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NH’s State and Local Governments are Open for Business

Doing business with the government is not like doing business with typical businesses. Transparency, accountability and fairness are the hallmarks of spending by a government agency, so there are procedures and processes to follow.

Finding out where your business fits in the state and local government purchasing market can be difficult task. The New Hampshire state and local government purchasing market is a $1 billion industry and a variety of goods and services are bought each year.

And we mean variety.

It can range from something as simple as bundles of camp wood to be sold at our state parks or as a large as a new dormitory at a state university.

Mark Manganiello is an intern with NH-PTAP and helped organize the New Hampshire State and Local Vendor Fair July 11.

Mark Manganiello is an intern with NH-PTAP and helped organize the New Hampshire State and Local Vendor Fair July 11.

So how can you find out more about doing business with the government? Come to the New Hampshire State and Local Vendor Fair from 8 am to noon at the Arthur D. Kehas Criminal Justice Training Facility here in Concord.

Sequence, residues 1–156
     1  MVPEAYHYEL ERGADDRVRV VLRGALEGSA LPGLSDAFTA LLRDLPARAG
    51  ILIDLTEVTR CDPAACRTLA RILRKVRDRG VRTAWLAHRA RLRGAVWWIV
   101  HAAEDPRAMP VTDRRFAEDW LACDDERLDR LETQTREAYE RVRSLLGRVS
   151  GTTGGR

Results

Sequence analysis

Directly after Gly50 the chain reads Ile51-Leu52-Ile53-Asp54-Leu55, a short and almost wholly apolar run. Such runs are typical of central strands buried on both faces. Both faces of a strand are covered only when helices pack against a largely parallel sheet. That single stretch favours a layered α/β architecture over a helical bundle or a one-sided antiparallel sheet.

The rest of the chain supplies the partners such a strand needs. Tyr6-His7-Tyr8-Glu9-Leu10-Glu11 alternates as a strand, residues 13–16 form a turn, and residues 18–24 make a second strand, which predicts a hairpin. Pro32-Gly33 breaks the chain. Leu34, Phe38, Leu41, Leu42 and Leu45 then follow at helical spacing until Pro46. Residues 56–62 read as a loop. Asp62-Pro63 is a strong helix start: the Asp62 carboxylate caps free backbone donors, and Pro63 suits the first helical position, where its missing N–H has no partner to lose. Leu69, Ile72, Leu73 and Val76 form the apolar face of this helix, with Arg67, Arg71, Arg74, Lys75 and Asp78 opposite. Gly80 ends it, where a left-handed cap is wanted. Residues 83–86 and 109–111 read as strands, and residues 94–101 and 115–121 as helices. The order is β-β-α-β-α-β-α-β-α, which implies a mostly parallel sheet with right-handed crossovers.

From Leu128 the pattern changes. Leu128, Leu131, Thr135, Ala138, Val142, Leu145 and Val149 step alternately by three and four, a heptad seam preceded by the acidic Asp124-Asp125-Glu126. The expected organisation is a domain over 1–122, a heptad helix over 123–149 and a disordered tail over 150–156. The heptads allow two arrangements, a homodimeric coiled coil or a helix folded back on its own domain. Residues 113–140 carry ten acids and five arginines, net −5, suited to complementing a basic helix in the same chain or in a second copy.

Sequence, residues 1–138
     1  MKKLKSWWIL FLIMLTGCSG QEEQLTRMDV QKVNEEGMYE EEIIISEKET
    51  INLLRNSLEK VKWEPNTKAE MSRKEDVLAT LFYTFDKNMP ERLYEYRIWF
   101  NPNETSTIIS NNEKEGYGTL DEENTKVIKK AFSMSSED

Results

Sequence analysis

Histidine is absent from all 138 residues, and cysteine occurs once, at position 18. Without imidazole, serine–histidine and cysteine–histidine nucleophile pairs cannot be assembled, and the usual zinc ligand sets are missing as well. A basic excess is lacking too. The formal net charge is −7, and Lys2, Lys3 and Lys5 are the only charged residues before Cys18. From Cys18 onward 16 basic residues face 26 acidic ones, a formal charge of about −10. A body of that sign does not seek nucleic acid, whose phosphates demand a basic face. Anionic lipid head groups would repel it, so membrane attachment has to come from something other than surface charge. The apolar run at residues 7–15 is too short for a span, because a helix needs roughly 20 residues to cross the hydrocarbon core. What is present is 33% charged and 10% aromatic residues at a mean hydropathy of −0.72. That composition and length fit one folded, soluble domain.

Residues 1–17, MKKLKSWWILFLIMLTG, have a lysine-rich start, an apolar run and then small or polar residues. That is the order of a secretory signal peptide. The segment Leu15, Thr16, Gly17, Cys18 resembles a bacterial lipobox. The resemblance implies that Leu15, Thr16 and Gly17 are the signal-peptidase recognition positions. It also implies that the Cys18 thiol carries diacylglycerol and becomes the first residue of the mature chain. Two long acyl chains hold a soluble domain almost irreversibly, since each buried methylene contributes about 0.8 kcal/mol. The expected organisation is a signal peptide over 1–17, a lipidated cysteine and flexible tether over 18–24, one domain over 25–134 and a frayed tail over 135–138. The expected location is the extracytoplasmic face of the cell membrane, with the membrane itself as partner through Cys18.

Over 60 people from state agencies and municipalities will be on hand to help you determine if your product or services are of interest to the state and local governments. If you already know your business is marketable to state and local governments, then this event is useful to get information on where the market is heading, changes in the process, update contact information and to let state and local officials know about your company.

The businesses attending this event range from those that are extremely experienced in working with state and local governments and some businesses that are still novices to the market. Those attending will have one-on-one interaction with government employees and get to the bottom of two questions everyone entering the state and local market should ask — Who is buying what and how do they buy it?

Businesses need this information so they can offer the best value in their sales to the government and to insure a competitive bid process. Government needs to distribute this information to make their procedures and purchasing as transparent as possible.

We’ll see you on July 11. Please take a moment to register here. Bring lots of business cards and let the matchmaking begin.

Mark Manganiello

Intern

New Hampshire Procurement and Technical Assistance Program

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